Amaya-Owned PokerStars Quit Colombian Market
A leading online poker operator PokerStars has decided to abandon operations in the Colombian market due to overly restrictive online market.
Colombian Market Offers Strict Licensing Rules
Colombia became the first South American country to approve national online gambling legislation last October, but the issues occurred when local regulator Coljuegos opted against allowing its online poker licensees to share liquidity with other jurisdictions. What is more, PokerStars and other licensees were required to base their server in Colombia, which was another drop that forced PokerStars to abandon the Colombian project.
Coljuegos published a blacklist of 325 online gambling domains in March, listing those sites that were viewed as unauthorized for serving Colombian players. It was last week that Coljuegos started punishing those on the blacklist by requiring local internet service providers to block the domain of the Play2Win online casino. The news of the Play2Win getting blocked was first broken via Twitter by Finance Minister Mauricio Cadenas.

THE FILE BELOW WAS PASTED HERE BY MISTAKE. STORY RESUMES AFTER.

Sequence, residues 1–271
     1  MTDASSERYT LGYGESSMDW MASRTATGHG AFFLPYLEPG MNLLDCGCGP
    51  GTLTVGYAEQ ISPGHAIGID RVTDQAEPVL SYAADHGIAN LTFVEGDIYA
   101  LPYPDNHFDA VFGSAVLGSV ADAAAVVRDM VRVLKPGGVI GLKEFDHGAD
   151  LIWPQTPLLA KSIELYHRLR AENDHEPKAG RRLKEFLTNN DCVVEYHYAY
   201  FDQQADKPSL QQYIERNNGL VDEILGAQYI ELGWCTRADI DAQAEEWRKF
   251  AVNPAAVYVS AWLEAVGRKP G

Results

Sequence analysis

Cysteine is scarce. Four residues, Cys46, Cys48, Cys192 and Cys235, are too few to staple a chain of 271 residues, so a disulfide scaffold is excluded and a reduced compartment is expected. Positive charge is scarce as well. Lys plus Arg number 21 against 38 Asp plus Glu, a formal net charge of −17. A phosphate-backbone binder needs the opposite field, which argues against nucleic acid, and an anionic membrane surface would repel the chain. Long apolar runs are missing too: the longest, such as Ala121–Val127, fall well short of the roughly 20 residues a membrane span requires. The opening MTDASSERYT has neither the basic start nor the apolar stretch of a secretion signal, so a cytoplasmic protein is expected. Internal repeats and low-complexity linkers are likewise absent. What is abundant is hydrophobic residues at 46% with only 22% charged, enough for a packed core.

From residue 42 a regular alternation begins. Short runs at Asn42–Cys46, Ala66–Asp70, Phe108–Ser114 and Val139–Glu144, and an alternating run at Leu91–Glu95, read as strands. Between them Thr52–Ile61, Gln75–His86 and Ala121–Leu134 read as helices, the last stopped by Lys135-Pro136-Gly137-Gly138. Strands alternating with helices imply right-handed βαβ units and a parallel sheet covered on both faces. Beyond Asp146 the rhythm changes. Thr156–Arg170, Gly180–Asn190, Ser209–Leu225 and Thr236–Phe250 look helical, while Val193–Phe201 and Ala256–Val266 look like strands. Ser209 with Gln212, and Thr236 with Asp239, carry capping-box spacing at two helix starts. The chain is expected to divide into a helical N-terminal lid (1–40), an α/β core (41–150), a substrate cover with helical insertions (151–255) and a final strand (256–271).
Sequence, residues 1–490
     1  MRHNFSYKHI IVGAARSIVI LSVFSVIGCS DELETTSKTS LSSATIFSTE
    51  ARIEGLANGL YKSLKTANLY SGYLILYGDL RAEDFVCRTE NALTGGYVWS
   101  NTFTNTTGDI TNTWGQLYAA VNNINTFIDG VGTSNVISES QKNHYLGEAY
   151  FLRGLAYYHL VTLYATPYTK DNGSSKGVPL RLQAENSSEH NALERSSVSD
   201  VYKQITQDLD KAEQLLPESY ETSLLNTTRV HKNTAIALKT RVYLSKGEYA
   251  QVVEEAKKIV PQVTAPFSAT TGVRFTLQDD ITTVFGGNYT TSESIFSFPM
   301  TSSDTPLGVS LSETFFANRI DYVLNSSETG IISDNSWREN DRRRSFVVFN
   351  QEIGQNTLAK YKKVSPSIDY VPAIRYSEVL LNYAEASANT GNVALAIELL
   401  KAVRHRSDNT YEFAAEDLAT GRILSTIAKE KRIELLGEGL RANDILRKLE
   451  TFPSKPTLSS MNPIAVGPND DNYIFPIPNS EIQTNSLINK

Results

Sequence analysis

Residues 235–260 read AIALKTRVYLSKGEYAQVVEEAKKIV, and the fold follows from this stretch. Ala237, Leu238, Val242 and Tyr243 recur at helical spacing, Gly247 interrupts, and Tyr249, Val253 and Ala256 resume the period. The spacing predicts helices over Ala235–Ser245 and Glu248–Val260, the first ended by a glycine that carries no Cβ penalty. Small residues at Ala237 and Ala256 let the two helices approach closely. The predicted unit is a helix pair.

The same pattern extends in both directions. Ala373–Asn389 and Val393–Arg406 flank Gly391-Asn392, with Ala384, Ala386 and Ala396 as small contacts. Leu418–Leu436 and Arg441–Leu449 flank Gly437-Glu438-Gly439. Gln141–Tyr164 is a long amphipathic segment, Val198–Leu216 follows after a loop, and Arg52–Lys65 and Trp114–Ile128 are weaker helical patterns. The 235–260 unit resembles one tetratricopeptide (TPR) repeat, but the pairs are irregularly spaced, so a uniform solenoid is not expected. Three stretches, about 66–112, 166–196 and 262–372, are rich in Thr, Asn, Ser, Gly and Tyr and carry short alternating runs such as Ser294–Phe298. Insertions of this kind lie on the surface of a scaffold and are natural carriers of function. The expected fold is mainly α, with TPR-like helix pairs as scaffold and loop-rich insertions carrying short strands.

The Amaya-owned gaming company remains determined to find the solution to the problem in the future but is forced to close its operations for the time being.
PokerStars emailed all of its Colombian customers last week, informing them the operator will be closing its real-money poker facility effective Monday, 17 July, listing ‘licensing requirements’ as the main reason behind such a decision.
The free-to-play games will remain unaffected by the Colombian exit as the company confirmed this option will be available in other Latin American jurisdictions as well.
In the meantime, Colombia remains optimistic regarding the country’s prospects of collecting $1.6 million from online gambling fees and taxes in the first year of the regulated market’s operation despite the strict licensing rules that might force other prospective operators to steer away from the Colombian market.
Coljuegos claim the country had thus far received over 60 inquiries and is expecting to have seven of those operators licensed and fully functional by the end of the year.